By Isa Jones
By Mary Willson
By Brian Turk
By Drew AIles
By Taylor Boylston
By Bree Davies
By Emerald O'Brien
"I get a lot of them, that's for sure," says Doughty from his home in Brooklyn. "But they're very benign, my creepy fans. They think I'm their boyfriend, and they write me MySpace e-mails, which treat me as if I'm their boyfriend, and that's just very strange. Not like they're trying to be my girlfriend, but they actually think I'm their boyfriend. It's kind of a weird phenomenon."
Weirder still, some fans place buckets of shoes on stage at Doughty's shows, in reference to an offhand riff between songs on his live album Smofe + Smang: Live in Minneapolis about what MTV's Cribs might find if they showed up at his house. They shout out requests for "It's Raining Men" because on the same album, he suggests that the Weathergirls song should be considered "the new 'Freebird.'" What makes his converts even more unique is that the religion of "Doughty-ism" didn't really spring into existence until well after the demise of his first band, Soul Coughing, which sold a lot more records than he has as a solo artist thus far. And for a record that everyone seems to know so well, Smofe didn't exactly tear up the charts.
"I can't believe how many people know the jokes from that album," Doughty says. "We sold like 2,500 copies of that thing. They must have just file-shared the piss out of it."
Fame through file-sharing has been only one strange part of the strange journey that has led Doughty to where he is now, coming into his own as a singer-songwriter whose tunes are played on adult contemporary stations as well as college radio. Starting out as a doorman at the Knitting Factory, Doughty hooked up with a trio of uber-hip experimental-jazz players in the early '90s and proceeded to make something of a name for himself as a post-post-modern Beatnik wordsmith with Soul Coughing. The band was critically acclaimed and achieved a modicum of fame on college campuses but never really broke out big. Problems with intra-band communication and drugs brought the experiment to a halt after eight years, a period which Doughty now views as comparable to "looking at some horrible picture from sophomore year."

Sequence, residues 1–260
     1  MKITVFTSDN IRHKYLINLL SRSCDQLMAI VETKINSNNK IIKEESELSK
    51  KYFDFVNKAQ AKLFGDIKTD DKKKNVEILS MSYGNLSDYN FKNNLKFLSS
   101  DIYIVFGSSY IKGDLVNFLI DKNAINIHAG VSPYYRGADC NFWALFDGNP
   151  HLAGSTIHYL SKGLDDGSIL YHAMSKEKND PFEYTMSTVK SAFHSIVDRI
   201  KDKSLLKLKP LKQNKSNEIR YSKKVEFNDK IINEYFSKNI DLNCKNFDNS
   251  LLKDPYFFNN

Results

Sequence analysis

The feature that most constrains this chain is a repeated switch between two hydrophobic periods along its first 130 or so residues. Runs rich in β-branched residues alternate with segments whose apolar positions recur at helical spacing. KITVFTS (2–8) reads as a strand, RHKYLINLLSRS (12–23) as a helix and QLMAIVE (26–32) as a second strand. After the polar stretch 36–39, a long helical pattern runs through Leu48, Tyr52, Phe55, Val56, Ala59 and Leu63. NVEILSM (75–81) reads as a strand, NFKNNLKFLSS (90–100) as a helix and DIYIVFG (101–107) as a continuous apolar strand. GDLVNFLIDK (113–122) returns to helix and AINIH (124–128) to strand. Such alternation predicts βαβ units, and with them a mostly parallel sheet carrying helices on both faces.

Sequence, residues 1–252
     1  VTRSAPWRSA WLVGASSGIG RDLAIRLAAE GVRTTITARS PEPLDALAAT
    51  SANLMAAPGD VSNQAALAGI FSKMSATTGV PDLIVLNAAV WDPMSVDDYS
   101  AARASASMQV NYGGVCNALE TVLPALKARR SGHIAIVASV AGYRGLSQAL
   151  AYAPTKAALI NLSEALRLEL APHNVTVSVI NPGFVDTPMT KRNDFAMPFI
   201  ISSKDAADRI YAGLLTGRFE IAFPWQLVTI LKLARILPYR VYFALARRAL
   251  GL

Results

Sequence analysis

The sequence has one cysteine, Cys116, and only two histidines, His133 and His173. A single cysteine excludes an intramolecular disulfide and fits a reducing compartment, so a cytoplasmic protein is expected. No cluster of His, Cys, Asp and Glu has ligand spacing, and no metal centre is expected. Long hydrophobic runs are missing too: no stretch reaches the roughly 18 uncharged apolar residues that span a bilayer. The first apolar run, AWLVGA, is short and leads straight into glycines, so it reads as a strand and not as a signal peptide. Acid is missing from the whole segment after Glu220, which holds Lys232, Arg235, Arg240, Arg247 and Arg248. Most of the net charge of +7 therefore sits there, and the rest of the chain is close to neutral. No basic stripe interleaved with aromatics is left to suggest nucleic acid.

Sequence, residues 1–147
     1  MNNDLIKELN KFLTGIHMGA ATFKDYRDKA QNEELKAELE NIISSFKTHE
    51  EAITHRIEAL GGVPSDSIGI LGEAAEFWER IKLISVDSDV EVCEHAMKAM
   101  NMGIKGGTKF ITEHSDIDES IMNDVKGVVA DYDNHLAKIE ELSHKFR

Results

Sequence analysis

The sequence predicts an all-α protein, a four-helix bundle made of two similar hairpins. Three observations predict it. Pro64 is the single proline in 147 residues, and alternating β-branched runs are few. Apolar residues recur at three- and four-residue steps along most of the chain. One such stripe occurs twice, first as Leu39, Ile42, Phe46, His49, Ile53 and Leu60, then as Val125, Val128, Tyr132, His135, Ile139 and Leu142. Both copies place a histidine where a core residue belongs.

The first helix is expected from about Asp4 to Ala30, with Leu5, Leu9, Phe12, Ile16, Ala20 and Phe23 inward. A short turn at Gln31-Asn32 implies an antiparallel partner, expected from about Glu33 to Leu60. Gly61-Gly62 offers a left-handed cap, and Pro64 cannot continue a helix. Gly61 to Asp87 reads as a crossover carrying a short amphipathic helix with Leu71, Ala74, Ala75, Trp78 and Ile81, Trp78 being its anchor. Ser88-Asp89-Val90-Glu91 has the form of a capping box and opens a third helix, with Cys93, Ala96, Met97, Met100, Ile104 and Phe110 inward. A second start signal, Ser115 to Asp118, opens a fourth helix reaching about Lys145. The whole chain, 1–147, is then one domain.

After he cleaned up, Doughty decided to reinvent himself as a singer-songwriter, even though he'd already been writing the lyrics for Soul Coughing. His solo work allowed him to be much more personal in his lyrics, not hiding behind the jumble of semi-sensical, disconnected lines that went so well with Soul Coughing's oddball aesthetic. He put together Skittish, a collection of rough-cut songs he had recorded solo in 1995, tracks which also leaked onto the Internet. Facing the inevitable, he remixed the songs and took his self-described "small rock" act on the road in a rental car, with a trunk full of CDs and his guitar. Despite the then-nascent file-sharing bugaboo, which seemingly hampered the ability to control his own destiny, Doughty is grateful for the direction the unexpected exposure took him.
"You know, all of us artists were just incredibly pissed off when [file-sharing] first started," he says. "It just sucked: 'Oh, great, my rough mixes are on the Internet and anybody can listen to them.' But years later, I mean, I am so into file-sharing. The file-sharing of Skittish saved my life, basically. It meant when I got out on the road after Soul Coughing, there were people who knew what I was doing, who weren't just completely shocked that I was getting out on stage and doing an acoustic show. There were people coming to see that. So I have nothing but love for piracy."
His latest album, 2005's Haughty Melodic, displays a songwriter who has grown by leaps and bounds -- not too surprising, considering that he wrote the songs for Skittish more than ten years ago. There are some songs on Haughty that will be familiar to people who have followed Doughty over the years -- "Busting Up a Starbux" and "Grey Ghost" -- but they have been revitalized by implementing a full band under the supervision of producer Dan Wilson. Doughty is also becoming a much more confident singer than he ever was during the Soul Coughing years, which lends itself to the more personal nature of his lyrics.
"It's much more narrative," he says of his solo work. "There's a much clearer feeling to everything. Like, there really is a story to 'Looking at the World From the Bottom of a Well.' You can actually sort of hear that it's a letter written to a woman, in a sense. 'Unsingable Name' is sort of addressed to a woman, 'Madeline and Nine' the same way. With Soul Coughing, it was more like sloganeering, a mishmash.
"Well, I was very stoned," he adds.
Not that Doughty has become a sweater-wearing, Garrison Keillor-type storyteller. He's simply found a comfortable place where his sharp sense of how words go together -- not only in terms of meaning, but in the strict aural sense -- still lends itself to some eccentric lyrical juxtapositions. Today, though, he has the focus to take the songs through a more linear arc. He retains an instinctive lyrical style, having jettisoned the literal unconsciousness of his heroin-hazed days with Soul Coughing.